So shall I.

So shall we.

To breathe our last. Holding on to our own meaning of love..... of reality.
                                                           



*This was way before anything. The court case against me, Hiro's car accident, his paralysis, his death.... I miss him. He is and will be forever irreplaceable.

-Rohith

Saturday, 4 April 2015

The Divine Idiocy of Nothing

There is nothing in my life to really hold your attention. People seem to like action, romance, hardship and even the occasional philosophy. Can't say I have much of that. Nothingness permeates my life. So much so that it generates everything for me, as strange an oxymoron that is.

I was kidnapped when i was a kid. Taken right from under my parents noses, right from the little gate in front of our home. A group of vagabonds. The plight of little kids is always a sympathy attractor and so there i was branded with a hot rod, gaining a scar that i still carry around. The scar still pains me now and then. It even oozes puss on days. Its like one of those injuries that you hear about that acts up now and then. The scar is a reminder for me, of what could have been. A painful reminder. But anyway by the age of 6 I was .......

I was a still born. I came into the world dead and the world brought me to life. The philosophical implications of this is profound. A persistent theory that goes around is that the world is an illusion brought into existence by our being. In other words, the fact of us being alive brings to life the world or the universe. But for me it was in the reverse. For me, the world brought me to life instead of vice versa. So I have always chosen the other side when it comes to this debate. I owe my life to it and I have formed a special relationship with it. It is my mother. I talk to to it now and then. In fact the world really started talking to me when I was 12 and locked up in my room hating my parents for being total.......

I was born with a silver spoon in my mouth. Literally not figuratively, the figurative takes too much precedence it seems to me. The doctors were amazed, flabbergasted. My mom was okay with it. My grandmother had told her that how as child she had swallowed whole a silver spoon that was part of her, the grandmother's, wedding cutlery from her nostalgic day at the altar. She just assumed that it had come out with me. She told the doctors to pack it up and put it in jar. She melted it and made silver locket out of it which she hung around my neck for good luck. It's been around my neck for soo long that I cannot remove it any more. It kind of melded with me as I grew becoming a part of me. My father was always against this theory concocted by my mother. He being an educated man knew that the spoon was not the one my mom had swallowed. So he tried to reason it out. But each of his hypothesis was crazier than the next and our entire family came to believe my mothers story than any of my fathers. And so it was that...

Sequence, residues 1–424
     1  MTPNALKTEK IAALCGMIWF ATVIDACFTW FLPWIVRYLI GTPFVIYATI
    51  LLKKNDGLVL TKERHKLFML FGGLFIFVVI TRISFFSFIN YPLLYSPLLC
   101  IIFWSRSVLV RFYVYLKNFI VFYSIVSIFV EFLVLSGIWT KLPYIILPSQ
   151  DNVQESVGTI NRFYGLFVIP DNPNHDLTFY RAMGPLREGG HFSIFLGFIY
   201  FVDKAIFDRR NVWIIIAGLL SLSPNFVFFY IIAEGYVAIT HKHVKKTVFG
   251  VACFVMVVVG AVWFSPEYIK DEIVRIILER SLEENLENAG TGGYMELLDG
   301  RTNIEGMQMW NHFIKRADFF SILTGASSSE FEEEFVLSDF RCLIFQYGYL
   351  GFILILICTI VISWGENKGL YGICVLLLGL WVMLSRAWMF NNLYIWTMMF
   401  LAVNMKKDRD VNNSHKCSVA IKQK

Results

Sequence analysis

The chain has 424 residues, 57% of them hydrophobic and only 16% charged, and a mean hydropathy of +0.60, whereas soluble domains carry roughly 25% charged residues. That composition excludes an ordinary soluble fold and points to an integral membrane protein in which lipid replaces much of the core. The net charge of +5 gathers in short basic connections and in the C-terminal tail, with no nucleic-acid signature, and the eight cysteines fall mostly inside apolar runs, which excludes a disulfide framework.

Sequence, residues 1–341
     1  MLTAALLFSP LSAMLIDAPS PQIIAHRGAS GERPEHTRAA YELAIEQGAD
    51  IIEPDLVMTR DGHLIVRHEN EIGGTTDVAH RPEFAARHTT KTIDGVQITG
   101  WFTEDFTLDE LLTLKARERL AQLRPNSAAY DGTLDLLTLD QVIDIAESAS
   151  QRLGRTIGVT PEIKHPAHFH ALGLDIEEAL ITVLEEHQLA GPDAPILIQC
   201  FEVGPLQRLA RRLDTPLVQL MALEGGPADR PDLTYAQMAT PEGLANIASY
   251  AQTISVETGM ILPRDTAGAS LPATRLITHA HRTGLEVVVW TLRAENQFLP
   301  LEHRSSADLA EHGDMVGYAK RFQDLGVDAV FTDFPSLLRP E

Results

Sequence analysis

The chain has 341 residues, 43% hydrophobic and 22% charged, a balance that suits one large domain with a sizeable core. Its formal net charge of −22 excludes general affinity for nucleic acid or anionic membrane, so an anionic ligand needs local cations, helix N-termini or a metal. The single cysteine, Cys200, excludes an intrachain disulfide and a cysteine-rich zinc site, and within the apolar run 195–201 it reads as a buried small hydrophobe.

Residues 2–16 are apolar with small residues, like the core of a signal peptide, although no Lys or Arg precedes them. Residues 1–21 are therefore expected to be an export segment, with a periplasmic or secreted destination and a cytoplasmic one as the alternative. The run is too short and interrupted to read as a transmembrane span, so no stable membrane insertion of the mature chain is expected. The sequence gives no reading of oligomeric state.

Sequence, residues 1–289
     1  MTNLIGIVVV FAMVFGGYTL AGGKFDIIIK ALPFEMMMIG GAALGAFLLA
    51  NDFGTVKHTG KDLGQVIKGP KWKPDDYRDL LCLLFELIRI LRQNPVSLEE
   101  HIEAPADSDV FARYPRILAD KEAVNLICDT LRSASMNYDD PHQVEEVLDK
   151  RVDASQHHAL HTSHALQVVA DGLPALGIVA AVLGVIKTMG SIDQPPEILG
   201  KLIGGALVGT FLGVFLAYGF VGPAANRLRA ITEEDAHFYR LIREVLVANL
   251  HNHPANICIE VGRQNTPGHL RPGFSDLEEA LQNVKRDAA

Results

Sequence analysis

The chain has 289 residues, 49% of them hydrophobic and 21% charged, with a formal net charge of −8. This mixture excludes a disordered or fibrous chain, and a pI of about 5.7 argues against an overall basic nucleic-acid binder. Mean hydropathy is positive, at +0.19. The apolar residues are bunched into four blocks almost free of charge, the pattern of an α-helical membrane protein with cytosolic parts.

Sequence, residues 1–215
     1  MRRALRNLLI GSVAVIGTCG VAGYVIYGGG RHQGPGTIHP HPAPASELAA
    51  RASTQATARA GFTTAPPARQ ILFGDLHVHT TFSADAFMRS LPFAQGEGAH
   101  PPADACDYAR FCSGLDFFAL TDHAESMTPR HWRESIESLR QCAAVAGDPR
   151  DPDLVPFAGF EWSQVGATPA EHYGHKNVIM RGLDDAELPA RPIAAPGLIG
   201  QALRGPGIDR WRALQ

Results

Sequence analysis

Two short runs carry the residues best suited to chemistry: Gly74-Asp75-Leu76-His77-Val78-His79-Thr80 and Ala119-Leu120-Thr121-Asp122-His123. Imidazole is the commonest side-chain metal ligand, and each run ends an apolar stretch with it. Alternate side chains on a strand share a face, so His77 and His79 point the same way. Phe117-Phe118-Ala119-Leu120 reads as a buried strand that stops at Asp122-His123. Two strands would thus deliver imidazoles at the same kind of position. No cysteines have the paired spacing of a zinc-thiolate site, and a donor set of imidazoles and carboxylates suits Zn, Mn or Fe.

I remember the incidence clearly. I was too young to be thrust into that kind of situation, but I am proud of my younger self for rising to the occasion. I was 11 years old at the time i believe. I was slowly coming to understand that my father was working for the government as a secret agent. I had actually heard stories that it was his job that cost him my mothers life, his eternal regret I believe. But I was proud of my dad and at what he was doing though we never discussed it. So one day while we were outside driving around in his car, a black sedan pulled up next us on a signal and shots rang out. I was scared and covering in the passenger seat but I saw that my dad was hurt and out cold. The sedan moved to the front and pulled to the side and these men in black coats with guns in their hands were coming towards us. It was instinctual, my fathers blood I believe, I hopped on to my dads lap and gunned the engine. The car whizzed past the attackers as they.....

I had always shown remarkably less empathy. I cannot be what I am not, so I embraced it. I remember the first time I disembowelled a cat. It was exhilarating to say the least. Of course cats are just the first step, from there it keeps on going up and up and up..... Look at where I am now, slowly cutting of a persons fingers as they lie screaming on the table. Well silent screams anyway, you can't scream when you have a gag stuffed in to your mouth. It feels good. I find this experience more pleasurable than sex. Ah the first time I killed a human being, it still sends a shiver down my spine. I was 17 years old and ........